Trad climber
fort garland, colo
May 11, 2010 - 07:59pm PT
yaniro did so many pull ups no one could keep track. Seemed to help him.

Social climber
May 11, 2010 - 08:52pm PT
Hans Florine recently did 100 pullups a day for 100 days straight.

It's not 400 pullups a day. But it's a lot. No rest days is what makes that stuff mind-boggling to me. I can work hard. But I need to recover...
Mighty Hiker

Vancouver, B.C.
May 11, 2010 - 09:00pm PT

A fine commentary on the subject from the Talking Heads.

Trad climber
Santa Cruz, CA
May 11, 2010 - 11:19pm PT
This may be a "legend" but I remember hearing that Alex Lowe took part in a study analyzing the red blood cell count of high end alpinists and climbers. I guess he had an average that was several times what normal people have. Quite simply, it took a lot more for him to get tired than it would you or I.

I'd be willing to bet that high end sport climbers have similar genetic mutations. Or, perhaps their bodies flush lactic acid much faster than ours?

You can't change your genes, only your memes!

Boulder climber
Butte, America
May 12, 2010 - 12:38am PT
Allez, I thought that it was VO2 max that they measured on him--nonetheless, the man had genetics to envy.

Boulder climber
May 12, 2010 - 12:59am PT
every line takes a different set of muscle routines,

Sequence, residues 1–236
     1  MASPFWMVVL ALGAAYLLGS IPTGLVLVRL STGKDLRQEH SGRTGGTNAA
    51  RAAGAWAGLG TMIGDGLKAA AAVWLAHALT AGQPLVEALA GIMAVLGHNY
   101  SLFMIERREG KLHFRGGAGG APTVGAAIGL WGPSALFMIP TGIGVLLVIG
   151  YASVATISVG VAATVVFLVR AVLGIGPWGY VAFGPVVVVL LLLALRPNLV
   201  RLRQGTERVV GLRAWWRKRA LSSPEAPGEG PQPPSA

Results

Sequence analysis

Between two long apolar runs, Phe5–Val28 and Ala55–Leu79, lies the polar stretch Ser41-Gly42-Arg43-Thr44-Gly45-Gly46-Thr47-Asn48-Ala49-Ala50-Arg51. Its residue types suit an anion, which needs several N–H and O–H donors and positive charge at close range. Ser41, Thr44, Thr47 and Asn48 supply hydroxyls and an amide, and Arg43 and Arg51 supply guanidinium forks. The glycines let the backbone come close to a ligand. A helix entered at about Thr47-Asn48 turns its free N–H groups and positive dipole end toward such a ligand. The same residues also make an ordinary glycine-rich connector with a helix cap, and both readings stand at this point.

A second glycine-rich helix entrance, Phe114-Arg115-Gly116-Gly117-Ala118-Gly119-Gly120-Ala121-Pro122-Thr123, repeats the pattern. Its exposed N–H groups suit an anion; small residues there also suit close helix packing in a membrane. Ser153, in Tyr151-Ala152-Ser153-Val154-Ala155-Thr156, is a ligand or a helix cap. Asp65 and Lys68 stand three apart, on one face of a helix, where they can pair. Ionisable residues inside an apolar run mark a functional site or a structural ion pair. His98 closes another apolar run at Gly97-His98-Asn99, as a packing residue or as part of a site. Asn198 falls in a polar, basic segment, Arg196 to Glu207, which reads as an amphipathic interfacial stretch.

so having upper or lower, which one will you need? what ratio?

so how can you train?

you climb, of course.

Bill Sherman

Mountain climber
Culver City, CA
May 12, 2010 - 03:07am PT
I climbed with him in Bozeman when I used to live there. That guy did more laps up ice in Hyalite in one morning before 0800 than I did in a week of hard climbing.

I remember the first time I met him or rather encountered him. I was on my way up to the Grand Teton and got passed by him around the split for either Garnet Canyon or Disappointment Peak. As I was getting up to the Lower Saddle, he was on his way back after already soloing the Direct Exum and coming back down from the Upper Saddle (OS route). He was running uphill faster than I can sprint a 100m. It was mind boggling.

He did have his VO2 max measured at one point and it was near the top end of anything that had ever been recorded. He was about on par with Olympic cross country skiers and Lance Armstrong and way above just about any marathon runner.

I've heard the rumors about 400 pull-ups a day but from what I saw of him, most of his training was in the mountains: running, skate skiing, climbing.

I miss him and his contagious laughter. He always had a smile and was always very unassuming. I think about him every time I'm back in Bozeman and pass his house.

Trad climber
May 12, 2010 - 07:00am PT
I would consult the cross fit website and eric horsts website. I would strongly suggest getting a good personal trainer for a 1:1 session who can accurately assess your fitness strengths and weaknesses and how to approach your goals.
We climb with the whole body. Assessment of your weakest component and addressing that component will most quickly translate to a jump in your ability to climb better.
If you have weaknesses in balance and flexibility a small gain in balance and flexibility will help much more than pull ups.
If you cannot do a one legged squat, you certainly would benefit from an increase in leg strength.
We climb with the whole body. Any good supplemental fitness program will address all the components. Power and strength in grip, pull up, lock off, etc are all of course critical but we have much better information available to prevent overuse injury than previous generations.
Good Luck!